NEREID-191 Borehole Seismic Observatory
NEREID-191 is a broadband seismic observatory (Fig. 6) designed to last for many years deep beneath the sea. Because there are no coaxial transoceanic telephone cables near Site 1179 to utilize for data recovery and power, the NEREID-191 installation was designed as a stand-alone system with its own batteries and data recorder. Two seismometers are installed in Hole 1179E, each housed in a separate pressure vessel. Both sensors are feedback-type broadband seismometers (Guralp Systems Ltd., CMG1T). The seismometers in the borehole are cemented into the hole to make good coupling to the host rock and to avoid noise caused by water circulation near the seismometers. Two separate cables are connected to the sensors and carry signals and power between these instruments and other system modules at the seafloor. The signals are digitized in the sensor packages and sent in digital form to a data-recording unit in the seafloor electronics package.
The seafloor package, called the MEG-191, combines the digital data from the two seismometers into a single serial data stream and distributes power to the individual seismometers. The data are stored in digital format in a separate module, called the SAM-191, via an RS232C link. The SAM-191 has four 18 Gb SCSI hard disks, which allow more than 1.5 yr of continuous data recording with 24-bit dynamic range at a 100-Hz sampling rate from the two seismometers. The MEG-191 can be physically replaced by an ROV or submersible and accepts commands and software upgrades through the SAM-191. The SAM-191 is designed for servicing by an ROV or submersible. Before the disks become full, it can be swapped for an "empty" unit. Additionally, the ROV or submersible can download part of the data stream via a serial link, so operators can check the health of the borehole system. The SAM-191 also measures the time difference between the clocks in the SAM-191 and the MEG-191. Before deployment and after retrieval of the SAM-191, the time difference between the clock within the SAM-191 and the global positioning system (GPS) clock is measured so time-based corrections can be applied.
All station power is supplied from the seawater battery (SWB) system. The SWB can supply up to ~24 W with a >400 kWh capacity. Its energy comes from electrolytic dissolution of the magnesium anode. The condition of the SWB system is continually monitored by the power control system (PCS), and data from the PCS are recorded in the data logger (DL). In addition, the PCS controls the power switch and shuts off the observatory, for the protection of the system, if the SWB provides either too much or too little power.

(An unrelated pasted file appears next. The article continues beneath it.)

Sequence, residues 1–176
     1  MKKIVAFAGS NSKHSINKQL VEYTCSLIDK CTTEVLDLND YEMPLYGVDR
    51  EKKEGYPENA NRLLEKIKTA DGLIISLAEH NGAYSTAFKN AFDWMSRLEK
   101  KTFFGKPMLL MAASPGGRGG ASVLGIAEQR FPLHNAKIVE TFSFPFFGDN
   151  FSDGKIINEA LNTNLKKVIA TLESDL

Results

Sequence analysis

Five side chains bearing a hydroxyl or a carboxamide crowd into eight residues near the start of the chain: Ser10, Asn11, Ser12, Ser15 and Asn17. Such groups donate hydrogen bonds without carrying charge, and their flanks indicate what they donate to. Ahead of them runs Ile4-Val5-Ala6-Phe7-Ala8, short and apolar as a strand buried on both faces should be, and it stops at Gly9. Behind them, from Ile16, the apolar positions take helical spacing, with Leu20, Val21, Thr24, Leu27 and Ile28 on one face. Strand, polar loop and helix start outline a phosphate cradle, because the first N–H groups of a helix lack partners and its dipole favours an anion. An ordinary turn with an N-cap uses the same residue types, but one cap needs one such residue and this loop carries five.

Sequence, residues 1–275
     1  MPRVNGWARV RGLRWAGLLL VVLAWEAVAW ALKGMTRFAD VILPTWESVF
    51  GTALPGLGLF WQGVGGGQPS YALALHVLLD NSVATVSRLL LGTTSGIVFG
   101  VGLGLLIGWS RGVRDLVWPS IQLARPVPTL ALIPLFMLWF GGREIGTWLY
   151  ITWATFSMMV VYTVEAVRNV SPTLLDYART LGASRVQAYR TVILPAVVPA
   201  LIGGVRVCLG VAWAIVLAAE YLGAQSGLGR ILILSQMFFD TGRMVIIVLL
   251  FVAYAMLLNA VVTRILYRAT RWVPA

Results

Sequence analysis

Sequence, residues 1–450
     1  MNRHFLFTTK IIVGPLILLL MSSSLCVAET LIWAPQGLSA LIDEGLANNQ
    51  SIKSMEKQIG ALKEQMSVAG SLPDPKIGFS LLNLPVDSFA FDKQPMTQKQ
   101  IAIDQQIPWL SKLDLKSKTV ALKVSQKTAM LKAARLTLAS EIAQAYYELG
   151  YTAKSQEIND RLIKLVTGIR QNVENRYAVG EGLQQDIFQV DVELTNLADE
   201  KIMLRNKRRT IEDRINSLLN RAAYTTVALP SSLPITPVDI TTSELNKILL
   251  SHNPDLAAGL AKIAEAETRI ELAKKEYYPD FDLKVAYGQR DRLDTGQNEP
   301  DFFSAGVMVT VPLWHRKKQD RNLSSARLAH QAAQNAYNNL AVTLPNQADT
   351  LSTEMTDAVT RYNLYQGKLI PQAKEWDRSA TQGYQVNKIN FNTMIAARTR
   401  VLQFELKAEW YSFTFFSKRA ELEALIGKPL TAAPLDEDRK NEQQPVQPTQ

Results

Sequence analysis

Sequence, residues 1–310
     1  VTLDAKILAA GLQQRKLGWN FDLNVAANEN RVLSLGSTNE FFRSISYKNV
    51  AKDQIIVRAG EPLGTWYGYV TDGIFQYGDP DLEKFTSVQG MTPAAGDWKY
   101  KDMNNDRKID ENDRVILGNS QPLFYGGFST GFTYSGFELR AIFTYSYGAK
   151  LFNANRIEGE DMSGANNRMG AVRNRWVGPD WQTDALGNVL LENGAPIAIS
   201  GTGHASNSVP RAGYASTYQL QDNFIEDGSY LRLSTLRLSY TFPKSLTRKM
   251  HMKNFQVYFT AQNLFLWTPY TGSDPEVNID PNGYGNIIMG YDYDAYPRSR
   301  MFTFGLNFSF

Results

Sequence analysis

Hard Rock Reentry System
The HRRS is being developed to provide ODP with the ability to establish a reentry casing on sloped and fractured hard rock outcrops on the seafloor. The system uses a Model 260 downhole fluid hammer developed by SDS Digger Tools of Canning Vale, Western Australia, along with a bit to advance the hole while casing is installed simultaneously. At present, 13.375-in casing is being used in the prototype development program. The rough sea states encountered during Leg 179 tests demonstrated the need for more robust bits that could withstand the torque, lateral pivoting (i.e., rocking) movements, and weight-on-bit fluctuations experienced during this first offshore trial. All three of these parameters contributed to the premature failure of the bits tested during that leg (Pettigrew, Casey, Miller, et al., 1999).
The next generation of bits developed for the Leg 191 HRRS testing program was tested on shore. Corrections and improvements to the bits were made based on the observations of these land tests. Despite the limited onshore testing, the next generation of bits appear much superior to those used during Leg 179.
Two new bit types were developed for testing during Leg 191; these include underreamer and ring-type bits. Two different versions of the underreamer bits were tested as well as two versions of ring-type bits. Underreamer bits have retractable arms to open a larger hole than the pilot bit onto which they are mated. Ring bits are composed of two major parts that include a casing shoe and pilot bit. The casing shoe has a ring of tungsten carbide buttons that works in tandem with the pilot bit. However, unlike the underreamer bits, which are totally recovered at the completion of the installation process, the casing shoe is left in the hole on the bottom of the casing after the pilot bit and hammer are withdrawn.
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